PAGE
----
The Fanciful Aesthetic of a Quaint Village in Poland
by ERIN L.K. LARSON
Erin Larson shares a magical guide to the “Painted Village” of Zalipie, Poland
Over a century ago, prior to modern cooking and improved ventilation technology, smoke from wood-burning kitchen stoves would escape through a mere hole in the ceiling of the common villager’s humble abode. The smoke would leave behind distasteful smudges of soot that whitewash did little to conceal, leaving much to be desired in the interior design department.
In a quaint Polish village located 60 miles east of Krakow, the womenfolk found inspiration in the vibrant hues of their flowerbeds and began to effectively obscure the smudges on their walls and ceilings with hand-painted floral murals. The lack of professional painting equipment did not deter them – they constructed brushes using cow-tail hair and concocted paint using cooking fat. Each year on the Feast of Corpus Christi, when new soot built up and the women weren’t preoccupied with farm work, they would repaint their murals. The practice spread quickly; even after the turn of the century saw the old world stoves replaced with chimneys and cleaner ventilation, the tradition carried on and grew even more elaborate.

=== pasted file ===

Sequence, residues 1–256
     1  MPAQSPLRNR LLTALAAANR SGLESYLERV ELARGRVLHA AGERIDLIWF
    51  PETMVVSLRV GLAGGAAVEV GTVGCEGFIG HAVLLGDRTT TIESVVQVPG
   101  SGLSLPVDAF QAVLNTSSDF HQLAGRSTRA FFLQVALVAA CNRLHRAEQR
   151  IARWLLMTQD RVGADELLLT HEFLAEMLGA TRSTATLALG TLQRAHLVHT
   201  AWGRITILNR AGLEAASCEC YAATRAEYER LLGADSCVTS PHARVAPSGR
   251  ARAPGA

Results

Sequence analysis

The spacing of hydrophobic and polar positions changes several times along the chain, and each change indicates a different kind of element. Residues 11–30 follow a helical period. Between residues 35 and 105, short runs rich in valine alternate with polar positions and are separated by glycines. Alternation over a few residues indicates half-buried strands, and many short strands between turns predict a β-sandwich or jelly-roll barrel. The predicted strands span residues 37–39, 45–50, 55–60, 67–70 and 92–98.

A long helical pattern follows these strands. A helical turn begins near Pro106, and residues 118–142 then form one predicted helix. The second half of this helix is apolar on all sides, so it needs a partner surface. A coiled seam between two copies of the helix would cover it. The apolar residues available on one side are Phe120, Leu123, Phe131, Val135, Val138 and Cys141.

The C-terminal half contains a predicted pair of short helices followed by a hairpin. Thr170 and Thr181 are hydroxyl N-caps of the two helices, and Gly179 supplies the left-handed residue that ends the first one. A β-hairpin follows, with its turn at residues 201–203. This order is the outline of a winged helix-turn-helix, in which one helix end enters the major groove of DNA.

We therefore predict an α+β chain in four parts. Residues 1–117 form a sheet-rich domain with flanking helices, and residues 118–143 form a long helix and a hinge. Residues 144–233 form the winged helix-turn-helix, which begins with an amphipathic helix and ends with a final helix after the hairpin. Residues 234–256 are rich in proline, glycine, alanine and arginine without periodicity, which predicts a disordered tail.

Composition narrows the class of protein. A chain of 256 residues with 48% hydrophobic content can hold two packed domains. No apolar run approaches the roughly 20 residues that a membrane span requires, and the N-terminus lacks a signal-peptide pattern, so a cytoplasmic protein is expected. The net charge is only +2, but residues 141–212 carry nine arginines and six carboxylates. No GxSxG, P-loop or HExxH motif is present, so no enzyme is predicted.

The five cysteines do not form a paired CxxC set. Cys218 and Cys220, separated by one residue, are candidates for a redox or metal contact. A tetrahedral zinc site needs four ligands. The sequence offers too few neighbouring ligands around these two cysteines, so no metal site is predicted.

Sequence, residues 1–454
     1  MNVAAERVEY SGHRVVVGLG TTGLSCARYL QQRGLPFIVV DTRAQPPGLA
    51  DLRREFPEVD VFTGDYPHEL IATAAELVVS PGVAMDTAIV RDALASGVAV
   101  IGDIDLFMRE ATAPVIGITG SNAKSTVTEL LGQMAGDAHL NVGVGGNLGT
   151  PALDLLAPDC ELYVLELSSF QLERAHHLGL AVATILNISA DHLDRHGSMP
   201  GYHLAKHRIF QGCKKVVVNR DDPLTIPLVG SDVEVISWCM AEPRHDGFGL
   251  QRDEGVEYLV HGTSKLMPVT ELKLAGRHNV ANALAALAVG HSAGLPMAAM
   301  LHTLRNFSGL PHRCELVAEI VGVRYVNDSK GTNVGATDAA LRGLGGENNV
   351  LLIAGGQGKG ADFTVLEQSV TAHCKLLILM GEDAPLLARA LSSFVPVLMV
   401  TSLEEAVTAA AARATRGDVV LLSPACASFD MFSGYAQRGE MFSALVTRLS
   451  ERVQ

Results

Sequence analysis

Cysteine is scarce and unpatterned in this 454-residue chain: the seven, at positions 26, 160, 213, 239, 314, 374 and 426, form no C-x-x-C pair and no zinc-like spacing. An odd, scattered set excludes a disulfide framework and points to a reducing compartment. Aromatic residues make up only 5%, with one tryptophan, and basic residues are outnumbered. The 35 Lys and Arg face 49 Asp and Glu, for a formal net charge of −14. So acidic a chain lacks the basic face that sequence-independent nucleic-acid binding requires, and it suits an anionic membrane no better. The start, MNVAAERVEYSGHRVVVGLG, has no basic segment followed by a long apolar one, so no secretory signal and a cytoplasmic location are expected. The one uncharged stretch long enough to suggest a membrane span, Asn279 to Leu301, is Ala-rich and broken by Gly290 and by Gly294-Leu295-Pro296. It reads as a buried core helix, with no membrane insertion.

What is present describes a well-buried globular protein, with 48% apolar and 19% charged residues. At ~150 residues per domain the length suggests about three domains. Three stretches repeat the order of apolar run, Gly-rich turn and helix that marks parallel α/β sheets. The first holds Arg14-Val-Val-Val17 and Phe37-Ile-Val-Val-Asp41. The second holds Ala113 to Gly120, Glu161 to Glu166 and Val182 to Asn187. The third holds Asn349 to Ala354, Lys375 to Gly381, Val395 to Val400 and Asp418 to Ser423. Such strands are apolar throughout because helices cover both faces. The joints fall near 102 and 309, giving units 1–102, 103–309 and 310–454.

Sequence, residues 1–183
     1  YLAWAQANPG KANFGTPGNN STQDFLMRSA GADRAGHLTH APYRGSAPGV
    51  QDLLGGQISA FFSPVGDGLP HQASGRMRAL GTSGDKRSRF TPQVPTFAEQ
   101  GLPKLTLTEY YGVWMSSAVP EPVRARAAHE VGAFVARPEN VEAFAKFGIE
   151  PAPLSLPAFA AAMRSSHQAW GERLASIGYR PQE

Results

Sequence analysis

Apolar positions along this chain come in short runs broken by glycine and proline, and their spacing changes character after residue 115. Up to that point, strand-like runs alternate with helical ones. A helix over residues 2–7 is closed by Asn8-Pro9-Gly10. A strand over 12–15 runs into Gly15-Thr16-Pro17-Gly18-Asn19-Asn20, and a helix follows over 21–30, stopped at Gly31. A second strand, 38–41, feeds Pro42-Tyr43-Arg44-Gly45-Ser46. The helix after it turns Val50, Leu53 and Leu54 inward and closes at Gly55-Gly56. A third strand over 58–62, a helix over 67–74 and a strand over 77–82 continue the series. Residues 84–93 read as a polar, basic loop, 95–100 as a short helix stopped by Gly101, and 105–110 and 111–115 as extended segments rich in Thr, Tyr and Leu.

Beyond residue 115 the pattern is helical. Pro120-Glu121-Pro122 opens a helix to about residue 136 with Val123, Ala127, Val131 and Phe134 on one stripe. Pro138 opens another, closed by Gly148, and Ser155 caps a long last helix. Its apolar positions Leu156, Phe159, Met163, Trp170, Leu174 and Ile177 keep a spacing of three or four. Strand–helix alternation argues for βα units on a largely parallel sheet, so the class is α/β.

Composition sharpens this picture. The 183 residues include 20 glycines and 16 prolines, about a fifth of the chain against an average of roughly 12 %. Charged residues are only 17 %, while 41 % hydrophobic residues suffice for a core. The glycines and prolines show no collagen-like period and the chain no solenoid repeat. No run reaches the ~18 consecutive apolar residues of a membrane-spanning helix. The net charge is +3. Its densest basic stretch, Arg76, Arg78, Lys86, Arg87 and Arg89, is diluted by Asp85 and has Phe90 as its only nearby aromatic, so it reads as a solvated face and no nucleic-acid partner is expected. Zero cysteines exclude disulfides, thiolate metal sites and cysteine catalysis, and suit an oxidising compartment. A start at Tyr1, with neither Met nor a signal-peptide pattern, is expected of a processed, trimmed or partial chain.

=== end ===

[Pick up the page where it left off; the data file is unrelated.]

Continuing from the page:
The “Painted Village” of Zalipie is something of a sight for sore eyes. At some point, the paintings spread from the walls of personal homes out onto any and all blank surfaces: houses, doghouses, barns, chicken coops, fences, and bridges alike – all transformed into unique, intricate masterpieces swathed in every color of the rainbow. As the paintings increased in size and began to reflect pieces of local folklore, the painted flowers became an integral part of Zalipie’s identity.
In 1948, the annual tradition of repainting on the Feast of Corpus Christi became the annual Painted Village competition – Malowana Chata. The villagers would create new designs and touch up the previous year’s artwork. Its introduction as a contest was part of a movement to help the town recover from the damage caused by the Second World War, in which over 17 percent of its population perished.
Felicja Curylowa, a local Zalipie woman, is generally credited for the development of the flower fad. An enthusiastic painter since a young age, Curylowa supported the trend to such heights that she embellished nearly every square inch of her own home in a colorful farrago of floral motifs. Following her death, the three-bedroomed cottage was turned into a beautifully adorned farmstead museum.
Continuing to pass its charming tradition from one generation to the next, Zalipie is a picturesque village in which every blossom-saturated surface is a brilliant expression of joy. Though it is not a place of five-star hotels and restaurants, it is a place of beauty where even the garbage bins boast stunningly ornate artwork.
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